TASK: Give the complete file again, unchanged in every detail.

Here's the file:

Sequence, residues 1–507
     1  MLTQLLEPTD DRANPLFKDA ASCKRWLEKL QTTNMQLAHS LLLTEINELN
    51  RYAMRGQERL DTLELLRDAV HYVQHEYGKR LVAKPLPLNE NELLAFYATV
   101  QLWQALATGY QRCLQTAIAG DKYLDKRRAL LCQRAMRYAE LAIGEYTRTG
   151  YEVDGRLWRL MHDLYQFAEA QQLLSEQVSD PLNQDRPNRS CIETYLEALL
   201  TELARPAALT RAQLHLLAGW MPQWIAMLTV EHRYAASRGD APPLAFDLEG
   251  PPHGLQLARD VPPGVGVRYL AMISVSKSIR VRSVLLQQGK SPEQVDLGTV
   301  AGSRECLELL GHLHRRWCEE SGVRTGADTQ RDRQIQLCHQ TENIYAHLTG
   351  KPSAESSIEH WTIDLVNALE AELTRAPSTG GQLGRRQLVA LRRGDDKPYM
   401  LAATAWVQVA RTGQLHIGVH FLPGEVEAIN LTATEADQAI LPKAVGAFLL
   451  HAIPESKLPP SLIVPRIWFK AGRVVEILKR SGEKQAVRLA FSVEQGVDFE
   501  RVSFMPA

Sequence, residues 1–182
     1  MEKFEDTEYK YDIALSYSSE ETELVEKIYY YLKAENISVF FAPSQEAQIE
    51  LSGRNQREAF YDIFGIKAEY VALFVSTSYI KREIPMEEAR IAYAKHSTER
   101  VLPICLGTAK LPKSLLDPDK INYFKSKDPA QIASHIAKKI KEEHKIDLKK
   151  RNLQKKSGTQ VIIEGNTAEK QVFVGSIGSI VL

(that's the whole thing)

Sequence, residues 1–507
     1  MLTQLLEPTD DRANPLFKDA ASCKRWLEKL QTTNMQLAHS LLLTEINELN
    51  RYAMRGQERL DTLELLRDAV HYVQHEYGKR LVAKPLPLNE NELLAFYATV
   101  QLWQALATGY QRCLQTAIAG DKYLDKRRAL LCQRAMRYAE LAIGEYTRTG
   151  YEVDGRLWRL MHDLYQFAEA QQLLSEQVSD PLNQDRPNRS CIETYLEALL
   201  TELARPAALT RAQLHLLAGW MPQWIAMLTV EHRYAASRGD APPLAFDLEG
   251  PPHGLQLARD VPPGVGVRYL AMISVSKSIR VRSVLLQQGK SPEQVDLGTV
   301  AGSRECLELL GHLHRRWCEE SGVRTGADTQ RDRQIQLCHQ TENIYAHLTG
   351  KPSAESSIEH WTIDLVNALE AELTRAPSTG GQLGRRQLVA LRRGDDKPYM
   401  LAATAWVQVA RTGQLHIGVH FLPGEVEAIN LTATEADQAI LPKAVGAFLL
   451  HAIPESKLPP SLIVPRIWFK AGRVVEILKR SGEKQAVRLA FSVEQGVDFE
   501  RVSFMPA

Sequence, residues 1–182
     1  MEKFEDTEYK YDIALSYSSE ETELVEKIYY YLKAENISVF FAPSQEAQIE
    51  LSGRNQREAF YDIFGIKAEY VALFVSTSYI KREIPMEEAR IAYAKHSTER
   101  VLPICLGTAK LPKSLLDPDK INYFKSKDPA QIASHIAKKI KEEHKIDLKK
   151  RNLQKKSGTQ VIIEGNTAEK QVFVGSIGSI VL